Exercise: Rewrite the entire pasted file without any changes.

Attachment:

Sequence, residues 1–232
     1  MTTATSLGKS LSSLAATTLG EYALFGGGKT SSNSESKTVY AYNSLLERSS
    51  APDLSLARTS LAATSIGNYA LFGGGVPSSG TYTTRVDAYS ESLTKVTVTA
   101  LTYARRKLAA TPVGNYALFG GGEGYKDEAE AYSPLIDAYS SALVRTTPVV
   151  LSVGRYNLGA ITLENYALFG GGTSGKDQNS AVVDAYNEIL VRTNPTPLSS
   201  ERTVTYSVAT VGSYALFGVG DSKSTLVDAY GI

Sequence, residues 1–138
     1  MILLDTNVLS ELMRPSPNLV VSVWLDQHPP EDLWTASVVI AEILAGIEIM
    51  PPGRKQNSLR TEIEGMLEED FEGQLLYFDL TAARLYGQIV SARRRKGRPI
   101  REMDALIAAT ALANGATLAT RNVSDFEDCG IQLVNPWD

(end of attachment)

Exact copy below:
Sequence, residues 1–232
     1  MTTATSLGKS LSSLAATTLG EYALFGGGKT SSNSESKTVY AYNSLLERSS
    51  APDLSLARTS LAATSIGNYA LFGGGVPSSG TYTTRVDAYS ESLTKVTVTA
   101  LTYARRKLAA TPVGNYALFG GGEGYKDEAE AYSPLIDAYS SALVRTTPVV
   151  LSVGRYNLGA ITLENYALFG GGTSGKDQNS AVVDAYNEIL VRTNPTPLSS
   201  ERTVTYSVAT VGSYALFGVG DSKSTLVDAY GI

Sequence, residues 1–138
     1  MILLDTNVLS ELMRPSPNLV VSVWLDQHPP EDLWTASVVI AEILAGIEIM
    51  PPGRKQNSLR TEIEGMLEED FEGQLLYFDL TAARLYGQIV SARRRKGRPI
   101  REMDALIAAT ALANGATLAT RNVSDFEDCG IQLVNPWD